Modern load balancers have very high throughput capabilities (gigabit). So unless you're running a huuuuuuuuuuge site (e.g. google), adding bandwidth is not why you'll need a new pair of load balancers, especially since most large sites offload much of their bandwidth to CDNs (Content Delivery Networks) like Akamai. If you're pumping a gigabit of un-CDN-able data through your site and don't already have a global load-balancing strategy, you've got bigger problems than cache affinity. :-)
Instead of bandwidth limits, sites tend to add additional LB pairs for geo-distribution of servers at separate data centers to ensure users spread across the world can talk to a server closest to them.
For that latter scenario, load balancer companies offer geo-location solutions, which (at least until a few years ago which was when I was following this stuff) were based on custom DNS implementations which looked at client IPs and resolved to the load balancer pairs Virtual IP address which is "closest" (in network topology or performance) to the client. These days, CDNs like Akamai also offer global load balancing services (e.g. http://www.akamai.com/html/technology/products/gtm.html). Amazon's EC2 hosting also supports this kind of feature for sites hosted there (see http://aws.amazon.com/elasticloadbalancing/).
Since users tend not to move across continents in the course of a single session, you automatically get affinity (aka "stickiness") with geographic load balancing, assuming your pairs are located in separate data centers.
Keep in mind that geo-location is really hard since you also have to geo-locate your data to ensure your back-end cross-data-center network doesn't get swamped.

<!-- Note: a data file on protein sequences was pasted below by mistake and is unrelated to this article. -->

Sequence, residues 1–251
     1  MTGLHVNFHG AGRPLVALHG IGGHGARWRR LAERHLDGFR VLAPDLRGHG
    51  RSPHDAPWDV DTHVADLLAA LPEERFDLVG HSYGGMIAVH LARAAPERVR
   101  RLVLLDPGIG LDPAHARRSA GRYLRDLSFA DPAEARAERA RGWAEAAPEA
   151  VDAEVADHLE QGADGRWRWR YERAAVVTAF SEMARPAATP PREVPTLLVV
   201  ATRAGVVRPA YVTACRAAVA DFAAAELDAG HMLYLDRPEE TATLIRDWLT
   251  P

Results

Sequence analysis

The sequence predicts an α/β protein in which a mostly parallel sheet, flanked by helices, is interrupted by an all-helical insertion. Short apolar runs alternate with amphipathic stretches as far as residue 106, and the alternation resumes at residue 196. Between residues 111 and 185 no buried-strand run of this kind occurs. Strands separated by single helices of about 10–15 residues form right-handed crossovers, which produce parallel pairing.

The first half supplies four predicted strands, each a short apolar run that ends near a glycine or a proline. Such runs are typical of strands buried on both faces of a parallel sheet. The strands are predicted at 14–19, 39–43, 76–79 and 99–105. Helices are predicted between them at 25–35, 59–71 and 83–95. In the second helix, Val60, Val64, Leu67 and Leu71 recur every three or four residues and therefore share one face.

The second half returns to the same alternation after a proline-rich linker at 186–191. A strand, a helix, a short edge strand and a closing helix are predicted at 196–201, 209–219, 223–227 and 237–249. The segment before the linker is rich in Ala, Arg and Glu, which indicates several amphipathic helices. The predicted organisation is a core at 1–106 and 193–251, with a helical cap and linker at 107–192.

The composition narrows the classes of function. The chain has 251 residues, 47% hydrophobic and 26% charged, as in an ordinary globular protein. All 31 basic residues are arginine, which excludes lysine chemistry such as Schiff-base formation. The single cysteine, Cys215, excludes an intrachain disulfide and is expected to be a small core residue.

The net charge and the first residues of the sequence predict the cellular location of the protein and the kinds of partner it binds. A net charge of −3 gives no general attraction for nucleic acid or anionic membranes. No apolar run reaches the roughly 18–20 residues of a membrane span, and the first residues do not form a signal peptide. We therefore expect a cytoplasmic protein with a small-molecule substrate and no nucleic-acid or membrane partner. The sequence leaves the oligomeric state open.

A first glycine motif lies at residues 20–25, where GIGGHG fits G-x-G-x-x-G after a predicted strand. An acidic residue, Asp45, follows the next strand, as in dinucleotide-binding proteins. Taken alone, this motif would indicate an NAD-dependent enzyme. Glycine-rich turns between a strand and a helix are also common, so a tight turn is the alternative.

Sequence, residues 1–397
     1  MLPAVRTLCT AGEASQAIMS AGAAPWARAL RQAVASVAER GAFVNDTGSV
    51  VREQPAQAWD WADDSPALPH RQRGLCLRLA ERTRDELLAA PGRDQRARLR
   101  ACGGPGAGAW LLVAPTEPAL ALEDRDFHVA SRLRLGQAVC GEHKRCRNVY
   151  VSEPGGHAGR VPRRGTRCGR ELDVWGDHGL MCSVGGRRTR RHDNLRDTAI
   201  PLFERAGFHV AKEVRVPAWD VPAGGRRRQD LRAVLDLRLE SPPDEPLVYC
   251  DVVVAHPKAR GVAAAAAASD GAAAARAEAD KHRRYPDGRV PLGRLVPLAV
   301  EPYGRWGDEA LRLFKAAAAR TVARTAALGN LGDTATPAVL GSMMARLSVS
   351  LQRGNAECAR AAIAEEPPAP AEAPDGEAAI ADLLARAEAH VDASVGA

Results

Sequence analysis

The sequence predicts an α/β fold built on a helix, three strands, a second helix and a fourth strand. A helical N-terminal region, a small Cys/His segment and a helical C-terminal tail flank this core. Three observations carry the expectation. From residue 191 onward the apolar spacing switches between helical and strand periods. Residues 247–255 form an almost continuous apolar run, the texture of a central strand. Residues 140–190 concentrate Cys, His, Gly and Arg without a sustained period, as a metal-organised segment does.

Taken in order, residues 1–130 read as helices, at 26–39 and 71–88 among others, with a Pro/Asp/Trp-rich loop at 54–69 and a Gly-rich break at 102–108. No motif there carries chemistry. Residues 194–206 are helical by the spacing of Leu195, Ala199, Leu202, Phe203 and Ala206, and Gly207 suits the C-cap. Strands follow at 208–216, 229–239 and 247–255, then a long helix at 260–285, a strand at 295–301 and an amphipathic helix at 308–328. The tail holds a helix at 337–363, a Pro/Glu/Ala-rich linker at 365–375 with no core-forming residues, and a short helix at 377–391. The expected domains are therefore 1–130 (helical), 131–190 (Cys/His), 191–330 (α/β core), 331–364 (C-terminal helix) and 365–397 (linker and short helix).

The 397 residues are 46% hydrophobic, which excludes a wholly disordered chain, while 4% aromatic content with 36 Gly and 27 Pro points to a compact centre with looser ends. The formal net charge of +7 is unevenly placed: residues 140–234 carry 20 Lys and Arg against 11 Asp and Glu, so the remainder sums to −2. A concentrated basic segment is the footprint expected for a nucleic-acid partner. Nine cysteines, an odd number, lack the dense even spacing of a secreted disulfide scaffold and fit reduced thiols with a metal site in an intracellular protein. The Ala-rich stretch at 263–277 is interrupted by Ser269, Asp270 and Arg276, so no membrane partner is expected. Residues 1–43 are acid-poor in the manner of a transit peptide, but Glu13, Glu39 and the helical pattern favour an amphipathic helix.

I suspect that F5 and other vendors also offer single-datacenter solutions which achieve the same ends, if you're really concerned about the single point of failure of network infrastructure (routers, etc.) inside your datacenter. But router and switch vendors have high-availability solutions which may be more appropriate to address that issue.
Net-net, if I were you I wouldn't worry about multiple pairs of load balancers. Get one pair and, unless you have a lot of money and engineering time to burn, partner with a hoster who's good at keeping their data center network up and running.
That said, if cache affinity is such a big deal for your app that you're thinking about shelling out big $$$ for multiple pairs of load balancers, it may be worth considering some app architecture changes (like using an external caching cluster). Solutions like memcached (for linux) are designed for this scenario. Microsoft also has one coming called "Velocity".
Anyway, hope this is useful info-- it's admittedly been a while since I've been deeply involved in this space (I was part of the team which designed an application load balancing product for a large software vendor) so you might want to double-check my assumptions above with facts you can pull off the web from F5 and other LB vendors.